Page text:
The Andes are a mountaineer’s dream, especially in the San Juan and Mendoza provinces, where some of the highest peaks in the Western Hemisphere are found. While the most famous climb is Aconcagua, there are plenty of others that are more interesting and far more technical. Near Barreal, the Cordón de la Ramada boasts five peaks over 6000m, including the mammoth Cerro Mercedario, which tops out at 6770m. The region is less congested than Aconcagua, offers more technical climbs and is preferred by many climbers. Also near here is the majestic Cordillera de Ansilta, with seven peaks scraping the sky at between 5130m and 5885m.
You'll find churning white water all over the continent. The settings are spectacular: splashing through deep canyons or pounding down the forest-lined banks of a Class IV rapid.
Ecuador boasts world-class river rafting and kayaking. Some of the rivers offer up to 100km of continuous Class III to Class IV white water before flattening out to flow toward the Pacific on one side of the Andes and into the Amazon Basin on the other. Tena is Ecuador’s de-facto white-water capital, with the nearby upper Río Napo (Class III+) and the Río Misahuallí (Class IV+) among the country’s best-known rivers.
The wealth of scenic rivers, lakes, fjords and inlets in southern Chile make it a dream destination. Chile's rivers, raging through narrow canyons from the Andes, are world class. Northern Patagonia's Futaleufú River offers memorable Class IV and V runs. Less technical runs include those outside Pucón and the beautiful Petrohué, near Puerto Varas, as well as Aisén's Río Simpson and Río Baker. Near Santiago, the Cajón del Maipo offers a gentle but enjoyable run.
In Peru, Cuzco is the launch point for the greatest variety of river-running options. Choices range from a few hours of mild rafting on the Urubamba to adrenaline-pumping rides on the Santa Teresa to several days on the Apurímac, technically the source of the Amazon. A river-running trip on the Tambopata, available from June through October, tumbles down the eastern slopes of the Andes, culminating in a couple of days of floating in unspoiled rainforest. River running is also possible on the Río Cañete south of Lima, and in the canyon country around Arequipa, in Peru.
In Argentina, several rivers around Bariloche and Mendoza are worth getting wet in. In Colombia, the Río Suárez near San Gil has decent runs.
Skiing & Snowboarding
South America's most important downhill ski areas are in Chile and Argentina. The season is roughly June to September.
Powder junkies rejoice. World-class resorts in the Chilean and Argentine Andes offer myriad possibilities for skiing, snowboarding and even heliskiing. Don't expect too many bargains; resorts are priced to match their quality. 'First descents' of Chilean Patagonia's numerous mountains is a growing (but limited) trend.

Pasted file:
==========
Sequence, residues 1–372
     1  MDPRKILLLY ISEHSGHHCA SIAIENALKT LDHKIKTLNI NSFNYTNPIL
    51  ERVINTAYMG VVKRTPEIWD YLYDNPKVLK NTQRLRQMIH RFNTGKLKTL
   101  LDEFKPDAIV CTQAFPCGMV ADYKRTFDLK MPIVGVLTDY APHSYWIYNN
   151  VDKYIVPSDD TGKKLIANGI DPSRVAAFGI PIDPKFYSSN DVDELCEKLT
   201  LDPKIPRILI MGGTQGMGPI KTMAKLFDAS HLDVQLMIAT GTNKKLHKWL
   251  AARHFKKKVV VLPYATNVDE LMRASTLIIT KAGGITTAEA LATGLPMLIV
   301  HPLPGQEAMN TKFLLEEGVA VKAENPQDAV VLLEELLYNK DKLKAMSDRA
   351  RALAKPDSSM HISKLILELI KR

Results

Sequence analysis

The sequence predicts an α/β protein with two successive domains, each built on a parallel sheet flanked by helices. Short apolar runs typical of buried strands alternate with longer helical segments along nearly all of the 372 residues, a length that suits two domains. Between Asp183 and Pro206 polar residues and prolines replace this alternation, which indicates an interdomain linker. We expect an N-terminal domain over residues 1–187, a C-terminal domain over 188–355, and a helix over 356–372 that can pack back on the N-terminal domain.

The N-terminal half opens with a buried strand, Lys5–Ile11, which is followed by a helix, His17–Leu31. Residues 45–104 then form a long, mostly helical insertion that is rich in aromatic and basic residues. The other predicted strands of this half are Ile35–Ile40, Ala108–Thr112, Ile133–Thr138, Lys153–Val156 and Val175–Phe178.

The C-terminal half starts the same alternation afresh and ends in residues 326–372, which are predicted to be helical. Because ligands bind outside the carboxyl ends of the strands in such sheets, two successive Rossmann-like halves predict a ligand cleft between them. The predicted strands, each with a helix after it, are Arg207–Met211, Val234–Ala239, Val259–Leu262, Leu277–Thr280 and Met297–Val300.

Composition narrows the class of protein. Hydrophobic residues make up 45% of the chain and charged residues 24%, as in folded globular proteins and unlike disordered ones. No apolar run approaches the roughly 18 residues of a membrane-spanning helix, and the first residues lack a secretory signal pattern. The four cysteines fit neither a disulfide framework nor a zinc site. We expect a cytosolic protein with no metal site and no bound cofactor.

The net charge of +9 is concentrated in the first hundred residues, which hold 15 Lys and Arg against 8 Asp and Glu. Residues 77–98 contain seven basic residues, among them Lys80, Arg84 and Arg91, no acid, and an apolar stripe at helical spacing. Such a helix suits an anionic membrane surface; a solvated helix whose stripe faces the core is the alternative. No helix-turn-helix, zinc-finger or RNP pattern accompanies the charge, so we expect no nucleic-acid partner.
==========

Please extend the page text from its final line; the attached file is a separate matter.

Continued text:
Most resorts in Chile are within an hour's drive of Santiago, including a wide variety of runs at family-oriented La Parva, all-levels El Colorado, and Valle Nevado, with a lot of terrain and renowned heliskiing. Legendary Portillo, the site of several downhill speed records and the summer training base for many of the Northern Hemisphere's top skiers, is northeast of Santiago near the Argentine border crossing to Mendoza.
Termas de Chillán, just east of Chillán, is a more laid-back spot with several beginners' slopes, while Parque Nacional Villarrica, near the resort town of Pucón, has the added thrill of skiing on a smoking volcano. On Volcán Lonquimay, Corralco has great novice and expert terrain, as well as excellent backcountry access. Volcanoes Osorno and Antillanca, east of Osorno, have open terrain with incredible views and a family atmosphere.
In Argentina, there are three main snow-sport areas: Mendoza, the Lake District and Ushuaia. Mendoza is near Argentina’s premier resort, Las Leñas, which has the best snow and longest runs; the resort Los Penitentes is also nearby. The Lake District is home to several low-key resorts, including Cerro Catedral, near Bariloche, and Cerro Chapelco, near San Martín de los Andes.
Brazil is South America's best-known surfing destination, with great breaks near Rio and in the southeast, and sprinkled all along the coast from Santa Catarina to São Luís. If you've got the cash, the surfing in Fernando de Noronha is spectacular.
In Peru, national championships are held at Punta Rocas as well as Pico Alto, an experts-only ‘kamikaze’ reef break with some of the largest waves in Peru. Peru’s north coast has a string of excellent breaks. The most famous is Puerto Chicama, where rides of more than 2km are possible on what’s considered the longest left-hand break in the world.
With breaks lining the long Pacific Coast, Chile nurtures some serious surf culture, most active in middle and northern Chile. Matanzas is major surf destination (and a favorite among wind surfers). Keep in mind, you'll need a wetsuit. With big breaks and long left-handers, surf capital Pichilemu hosts the national surfing championship. Pilgrims crowd the perfect left break at Pichilemu's Punta de Lobos, but beginners can also have a go nearby at La Puntilla. The coastal Ruta 1 is lined with waves.
Ecuador's best breaks are off Isla San Cristóbal in the Galápagos. On the mainland, Montañita, has a fast, powerful reef break that can cough up some of the mainland’s best barrels.
You'll also find good waves in Mar del Plata (Argentina) and Uruguay. In Venezuela, there's great kitesurfing in Adicora and Margarita.
Paragliding and hang-gliding have their followers. Top destinations include Iquique (Chile), La Paz (Bolivia) and Medellín, San Gil and Bucaramanga (Colombia). You can even fly from urban locations like Miraflores in Lima and Pedra Bonita in Rio de Janeiro.